The Best Places to visit in the lost town of Orchha, India

I have been in and around central India for several years of my life, but I had never heard of Orchha. Until recently! In fact, the word ‘Orchha’ itself means ‘hidden palace’. Like several other towns, a boost in Indian tourism has led to the rediscovery of small towns with lost grandeur.

While it is not mainstream and you probably won’t go out of your way to visit Orchha, but if you are in the area, make the effort. Orchha along with Jhansi and Khajuraho will make a memorable cluster in the area.

While Khajuraho temples are far more ancient, the palaces and temples of Orchha are merely a few centuries old. Orchha was the capital of the Bundela Rajput Empire, one of the largest and most powerful empires in medieval history in India. Therefore, you can say that they are still in pretty great condition.

However, after the fall of the empire, the city slowly faded into oblivion. And even though people have started visiting recently, it is still an offbeat destination.

Rambling aside, here is everything you need to know about visiting Orchha.

Orchha Fort
Orchha Fort

Brief history on Orchha

Founded at the turn of the 16th century by Rudra Pratap Singh, Orchha gained some importance because of the impressive monuments that were built there during the Rajput reign. Although distinctly Rajput in style, the Mughal school of architecture heavily influences these buildings.

The history of Orchha deeply associates with Lord Rama. A deeply devout queen of Orchha pledged to bring the blessing of Lord Rama to Orchha. As the tale goes, she meditated at the bank of Saryu river in Ayodhaya and brought back ‘Rama Lala’ (child Rama) who today sits in the main palace (more on the story later). It is also the only place in the world where people consider Lord Rama as the king or administrator rather than a deity.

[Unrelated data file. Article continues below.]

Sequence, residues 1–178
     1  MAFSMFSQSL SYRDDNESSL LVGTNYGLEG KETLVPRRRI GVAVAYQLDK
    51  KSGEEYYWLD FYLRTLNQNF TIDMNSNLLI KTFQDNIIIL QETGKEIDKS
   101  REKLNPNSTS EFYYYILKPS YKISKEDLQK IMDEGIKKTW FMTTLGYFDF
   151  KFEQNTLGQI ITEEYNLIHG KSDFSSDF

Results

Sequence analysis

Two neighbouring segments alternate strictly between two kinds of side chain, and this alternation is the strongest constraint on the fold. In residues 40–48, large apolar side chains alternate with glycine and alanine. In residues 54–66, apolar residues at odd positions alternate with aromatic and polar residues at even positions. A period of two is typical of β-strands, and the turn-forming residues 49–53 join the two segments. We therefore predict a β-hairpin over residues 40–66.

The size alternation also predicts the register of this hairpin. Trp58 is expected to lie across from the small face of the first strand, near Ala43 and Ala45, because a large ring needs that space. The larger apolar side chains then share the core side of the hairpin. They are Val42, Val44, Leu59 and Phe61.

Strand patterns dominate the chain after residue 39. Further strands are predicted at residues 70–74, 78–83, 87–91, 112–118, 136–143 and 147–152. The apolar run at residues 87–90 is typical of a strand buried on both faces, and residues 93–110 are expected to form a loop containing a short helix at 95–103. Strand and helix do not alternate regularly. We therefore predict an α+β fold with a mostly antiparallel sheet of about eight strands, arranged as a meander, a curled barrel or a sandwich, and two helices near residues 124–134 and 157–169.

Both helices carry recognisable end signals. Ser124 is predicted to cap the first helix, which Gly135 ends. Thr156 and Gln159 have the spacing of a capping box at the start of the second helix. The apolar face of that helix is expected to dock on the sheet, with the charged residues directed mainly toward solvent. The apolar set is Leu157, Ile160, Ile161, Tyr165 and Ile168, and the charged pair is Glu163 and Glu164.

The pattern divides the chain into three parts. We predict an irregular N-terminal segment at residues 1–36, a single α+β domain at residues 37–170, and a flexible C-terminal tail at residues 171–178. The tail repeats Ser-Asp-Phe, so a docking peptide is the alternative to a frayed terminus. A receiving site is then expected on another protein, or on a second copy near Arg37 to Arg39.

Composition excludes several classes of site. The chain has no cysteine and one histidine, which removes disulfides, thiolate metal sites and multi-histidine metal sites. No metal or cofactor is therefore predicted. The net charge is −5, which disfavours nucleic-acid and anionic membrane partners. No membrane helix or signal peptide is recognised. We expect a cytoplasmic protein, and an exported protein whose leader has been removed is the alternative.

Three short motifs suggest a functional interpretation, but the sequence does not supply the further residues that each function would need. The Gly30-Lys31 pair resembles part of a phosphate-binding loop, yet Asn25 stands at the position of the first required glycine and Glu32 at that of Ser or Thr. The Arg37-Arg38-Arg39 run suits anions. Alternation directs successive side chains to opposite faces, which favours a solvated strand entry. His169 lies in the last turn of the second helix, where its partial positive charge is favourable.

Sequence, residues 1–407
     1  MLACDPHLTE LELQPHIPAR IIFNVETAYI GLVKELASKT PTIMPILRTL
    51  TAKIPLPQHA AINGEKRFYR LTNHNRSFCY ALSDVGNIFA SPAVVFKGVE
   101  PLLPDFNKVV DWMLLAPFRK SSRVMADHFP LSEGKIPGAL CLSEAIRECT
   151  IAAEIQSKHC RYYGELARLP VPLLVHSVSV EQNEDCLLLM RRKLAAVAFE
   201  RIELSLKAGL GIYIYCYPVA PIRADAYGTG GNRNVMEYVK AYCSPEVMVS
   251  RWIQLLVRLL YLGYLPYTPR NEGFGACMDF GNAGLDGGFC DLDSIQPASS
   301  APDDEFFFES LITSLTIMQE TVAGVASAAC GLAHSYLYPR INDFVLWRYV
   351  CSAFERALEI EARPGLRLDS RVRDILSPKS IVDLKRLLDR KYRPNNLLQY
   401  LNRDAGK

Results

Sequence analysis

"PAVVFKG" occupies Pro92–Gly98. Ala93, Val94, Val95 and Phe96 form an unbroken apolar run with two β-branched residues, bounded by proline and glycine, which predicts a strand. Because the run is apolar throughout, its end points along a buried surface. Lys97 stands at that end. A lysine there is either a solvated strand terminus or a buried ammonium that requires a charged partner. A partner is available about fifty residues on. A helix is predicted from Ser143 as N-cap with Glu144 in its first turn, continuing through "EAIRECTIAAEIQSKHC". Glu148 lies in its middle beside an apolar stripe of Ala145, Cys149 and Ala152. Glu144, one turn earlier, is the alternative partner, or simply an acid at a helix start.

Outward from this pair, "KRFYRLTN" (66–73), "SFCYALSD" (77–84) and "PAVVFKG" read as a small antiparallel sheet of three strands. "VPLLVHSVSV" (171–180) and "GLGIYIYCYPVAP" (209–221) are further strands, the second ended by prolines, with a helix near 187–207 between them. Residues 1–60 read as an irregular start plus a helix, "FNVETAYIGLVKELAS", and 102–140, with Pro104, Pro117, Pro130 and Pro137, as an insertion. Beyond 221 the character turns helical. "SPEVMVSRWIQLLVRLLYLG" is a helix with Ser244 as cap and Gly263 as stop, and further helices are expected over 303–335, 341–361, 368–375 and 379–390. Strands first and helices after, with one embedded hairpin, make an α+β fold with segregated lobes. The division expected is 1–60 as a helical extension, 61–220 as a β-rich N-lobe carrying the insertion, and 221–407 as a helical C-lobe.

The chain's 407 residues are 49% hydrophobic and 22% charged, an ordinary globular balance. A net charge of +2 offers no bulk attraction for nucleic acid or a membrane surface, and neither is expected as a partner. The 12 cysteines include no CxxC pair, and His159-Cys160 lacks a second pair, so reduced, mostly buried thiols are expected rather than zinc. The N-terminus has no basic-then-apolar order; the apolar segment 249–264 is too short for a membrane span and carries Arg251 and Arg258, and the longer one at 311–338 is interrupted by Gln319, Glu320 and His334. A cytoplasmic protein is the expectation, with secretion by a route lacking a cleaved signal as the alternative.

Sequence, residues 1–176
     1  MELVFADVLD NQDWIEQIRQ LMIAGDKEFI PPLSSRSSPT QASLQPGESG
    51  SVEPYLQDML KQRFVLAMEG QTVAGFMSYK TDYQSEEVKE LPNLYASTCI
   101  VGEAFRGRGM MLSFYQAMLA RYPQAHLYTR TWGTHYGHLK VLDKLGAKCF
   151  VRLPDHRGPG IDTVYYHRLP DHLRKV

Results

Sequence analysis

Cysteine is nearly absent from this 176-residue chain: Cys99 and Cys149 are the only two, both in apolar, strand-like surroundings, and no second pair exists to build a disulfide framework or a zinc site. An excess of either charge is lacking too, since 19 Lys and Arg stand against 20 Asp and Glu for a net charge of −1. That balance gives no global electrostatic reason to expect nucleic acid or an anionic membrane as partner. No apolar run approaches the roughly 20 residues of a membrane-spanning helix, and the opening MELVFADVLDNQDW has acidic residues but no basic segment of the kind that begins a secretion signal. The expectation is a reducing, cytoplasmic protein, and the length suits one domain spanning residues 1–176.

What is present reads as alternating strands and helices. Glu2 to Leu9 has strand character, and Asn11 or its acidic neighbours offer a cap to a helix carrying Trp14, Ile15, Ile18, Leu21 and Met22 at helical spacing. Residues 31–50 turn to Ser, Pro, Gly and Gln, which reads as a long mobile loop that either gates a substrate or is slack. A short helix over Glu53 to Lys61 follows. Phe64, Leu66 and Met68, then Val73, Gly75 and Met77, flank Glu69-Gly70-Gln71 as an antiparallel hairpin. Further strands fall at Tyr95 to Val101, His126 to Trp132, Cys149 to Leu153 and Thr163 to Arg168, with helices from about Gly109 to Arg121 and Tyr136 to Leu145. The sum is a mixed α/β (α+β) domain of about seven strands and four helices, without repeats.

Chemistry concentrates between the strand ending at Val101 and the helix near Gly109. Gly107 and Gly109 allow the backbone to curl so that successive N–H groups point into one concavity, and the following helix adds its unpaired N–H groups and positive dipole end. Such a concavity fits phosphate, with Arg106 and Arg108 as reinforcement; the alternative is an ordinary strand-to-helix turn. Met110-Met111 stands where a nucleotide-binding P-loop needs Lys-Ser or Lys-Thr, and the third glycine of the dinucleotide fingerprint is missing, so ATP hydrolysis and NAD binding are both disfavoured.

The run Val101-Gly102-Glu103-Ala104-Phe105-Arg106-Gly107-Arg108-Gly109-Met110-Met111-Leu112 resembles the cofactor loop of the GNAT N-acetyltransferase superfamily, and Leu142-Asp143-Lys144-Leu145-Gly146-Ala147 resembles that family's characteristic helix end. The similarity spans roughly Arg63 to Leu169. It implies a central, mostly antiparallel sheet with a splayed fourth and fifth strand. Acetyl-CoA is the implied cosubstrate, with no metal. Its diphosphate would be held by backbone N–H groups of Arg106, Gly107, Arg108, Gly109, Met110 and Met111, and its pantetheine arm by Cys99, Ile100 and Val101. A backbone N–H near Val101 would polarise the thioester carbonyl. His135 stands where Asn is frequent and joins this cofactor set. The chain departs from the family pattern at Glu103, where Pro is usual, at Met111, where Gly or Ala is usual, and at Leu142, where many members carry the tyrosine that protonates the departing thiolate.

Although the grandeur of the city has diminished comparatively since the days of flourishing kingdoms of Bundelkhand, the pace of life and the laidback aura still comes from the same time.

Orchha town_2

Where is Orchha Located?

Orchha was settled on the banks of the Betwa river in the Bundelkhand region. For those who are not familiar with Bundelkhand, it is the region that lies in the central most part of India, occupying the southern region of UP and the northern region of MP.

The town is 480 km Southeast of Delhi, 254 km from Agra and just 17 km from Jhansi. It sits just south to the border of Madhya Pradesh against Uttar Pradesh.

How to reach Orchha

There is limited connectivity to Orchha directly from the major cities in UP or MP. But you can find at least one train from cities like Bhopal, Varanasi, and Gwalior. Instead, I suggest you break your journey at Jhansi. Jhansi being just 17 km away has a lot of transportation options.

Train: A lot of local trains run from Jhansi to Orchha every day. You don’t even need to book a ticket for this. Just reach the main station at Jhansi and buy a ticket at the spot. It takes 15-20 minutes for the journey. If you wish to make a stop while coming back from Khajuraho to Jhansi, you can take the train Khajuraho Jhansi Passenger that stops at Orchha in the evening.

To check train availability head to trainmain.in and book your tickets at the official railway website www.irctc.co.in. The station code for Orchha is ORC. The railway station is 5 km from the main town and you can take an autorickshaw for the journey at around ₹50.

Orcha Railway station.
Orcha Railway station. Photo courtesy@indiarailinfo.com

Bus: You can also take a local bus from Jhansi to Orchha that runs frequently from the Jhansi bus station. Just head to the bus station and ask around. Expect it to be crowded or have a brief waiting time. The ticket would cost around ₹20 per person or more depending upon the bus. Keep your luggage close especially electronics and gear.

Cab: If you are with family or in a group, I will suggest getting a cab to move around. You can ask your hotel owner in Jhansi to arrange a cab or book one online on chikucabs.com, bharattaxi.com or book one on ola (as unreliable as it can be). Make sure you have spoken to the driver at least once a day before or they simply won’t turn up.